To Raise a Family:
Early Puritans lived in one-room mud homes with thatched roofs. By the mid 1600s, two story wooden houses could be erected. Inside Puritan homes were the activities of a “little commonwealth”: business, education, worship, and caring for one another. As one leading Puritan put it, “Families are the nurseries for church and commonwealth; ruin families and ruin all.”

To Worship:
The first meeting house of West Springfield, Massachusetts, built in 1702. Early meeting houses also held town meetings and housed gunpowder. By 1726, Cotton Mather wrote that almost every town in New England had “a modest and handsome house for the worship of God, not set off with gaudy, pompous, theatrical fineries, but suited unto the simplicity of Christian worship.”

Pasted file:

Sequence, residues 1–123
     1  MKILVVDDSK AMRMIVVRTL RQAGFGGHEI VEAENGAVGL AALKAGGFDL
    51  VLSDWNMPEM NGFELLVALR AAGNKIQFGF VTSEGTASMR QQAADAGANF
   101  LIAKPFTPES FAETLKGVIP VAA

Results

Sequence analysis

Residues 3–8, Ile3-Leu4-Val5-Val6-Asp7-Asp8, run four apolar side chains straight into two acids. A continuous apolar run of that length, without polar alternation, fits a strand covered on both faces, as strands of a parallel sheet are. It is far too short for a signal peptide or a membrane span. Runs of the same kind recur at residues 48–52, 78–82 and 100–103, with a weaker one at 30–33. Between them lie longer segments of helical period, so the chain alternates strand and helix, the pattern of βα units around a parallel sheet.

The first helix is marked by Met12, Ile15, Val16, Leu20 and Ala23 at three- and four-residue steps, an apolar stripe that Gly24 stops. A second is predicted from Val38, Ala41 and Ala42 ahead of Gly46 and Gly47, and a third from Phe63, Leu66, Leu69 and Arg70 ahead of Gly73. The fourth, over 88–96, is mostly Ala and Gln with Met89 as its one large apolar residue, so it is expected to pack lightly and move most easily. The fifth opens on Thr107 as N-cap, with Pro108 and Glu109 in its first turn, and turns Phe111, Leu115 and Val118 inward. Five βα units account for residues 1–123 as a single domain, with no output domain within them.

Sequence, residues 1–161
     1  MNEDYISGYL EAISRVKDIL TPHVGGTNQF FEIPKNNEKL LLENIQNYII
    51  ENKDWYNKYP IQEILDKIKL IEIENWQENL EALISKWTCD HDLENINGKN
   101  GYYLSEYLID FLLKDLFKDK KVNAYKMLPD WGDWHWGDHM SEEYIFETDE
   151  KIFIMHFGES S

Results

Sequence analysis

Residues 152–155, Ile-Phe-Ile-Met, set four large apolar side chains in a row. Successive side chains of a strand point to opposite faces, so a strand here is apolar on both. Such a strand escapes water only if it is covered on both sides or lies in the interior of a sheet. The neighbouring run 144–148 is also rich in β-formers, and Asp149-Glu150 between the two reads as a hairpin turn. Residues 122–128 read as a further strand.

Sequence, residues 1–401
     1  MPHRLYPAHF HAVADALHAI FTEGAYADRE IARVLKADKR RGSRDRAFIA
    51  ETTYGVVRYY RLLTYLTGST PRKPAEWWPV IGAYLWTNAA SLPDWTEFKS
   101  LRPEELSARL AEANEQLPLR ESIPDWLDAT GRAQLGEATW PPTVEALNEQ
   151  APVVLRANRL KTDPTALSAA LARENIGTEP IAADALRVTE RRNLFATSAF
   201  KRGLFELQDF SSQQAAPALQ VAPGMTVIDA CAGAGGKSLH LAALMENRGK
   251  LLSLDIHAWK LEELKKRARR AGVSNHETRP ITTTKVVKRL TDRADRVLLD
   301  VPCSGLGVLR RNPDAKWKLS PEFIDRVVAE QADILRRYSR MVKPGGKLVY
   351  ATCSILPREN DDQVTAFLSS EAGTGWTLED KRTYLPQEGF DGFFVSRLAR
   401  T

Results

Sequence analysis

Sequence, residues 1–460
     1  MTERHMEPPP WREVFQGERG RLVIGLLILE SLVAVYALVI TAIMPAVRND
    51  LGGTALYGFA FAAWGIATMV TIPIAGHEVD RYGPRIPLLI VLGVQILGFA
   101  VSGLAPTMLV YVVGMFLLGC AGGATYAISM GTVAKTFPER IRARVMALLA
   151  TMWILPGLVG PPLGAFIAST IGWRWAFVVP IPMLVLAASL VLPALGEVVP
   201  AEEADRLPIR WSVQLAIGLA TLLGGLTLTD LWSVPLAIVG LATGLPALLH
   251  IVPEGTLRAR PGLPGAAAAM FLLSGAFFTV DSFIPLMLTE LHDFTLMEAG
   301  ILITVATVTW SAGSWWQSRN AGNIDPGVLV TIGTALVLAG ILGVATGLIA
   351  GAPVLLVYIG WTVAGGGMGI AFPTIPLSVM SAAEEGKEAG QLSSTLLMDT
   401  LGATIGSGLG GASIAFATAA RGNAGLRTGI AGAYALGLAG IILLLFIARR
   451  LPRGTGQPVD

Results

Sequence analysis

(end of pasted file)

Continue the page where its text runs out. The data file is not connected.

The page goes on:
To Govern:
Boston’s first Town House (city hall) was built in 1657. Here, justice was administered. For example, it was an offense to declare a minister’s sermon uninspiring or to walk in the garden on Sunday. Punishments for serious crimes: public ridicule in stocks, cutting off ears, slitting noses, boring holes in tongues, whipping, and hanging.

Rugged Wilderness: Early Puritan colonists stayed near the coast, for generally it was easier to travel by sea than by land. The interior was thick, unknown wilderness, populated with Indian tribes (see small caps on map). Moving even 100 miles west was like moving to a wild, far-away frontier.

To Learn:
Harvard College in 1638, two years after its founding. Puritan society was now complete. The opening paragraph of Harvard’s first commencement program reads, “After God carried us safe to New England, and wee had builded our houses … rear’d convenient places for God’s worship, and setled the Civill government: One of the next things we longed for … was to advance Learning and perpetuate it to Posterity; dreading to leave an illiterate Ministery to the Churches, when our present Ministers shall lie in the dust.”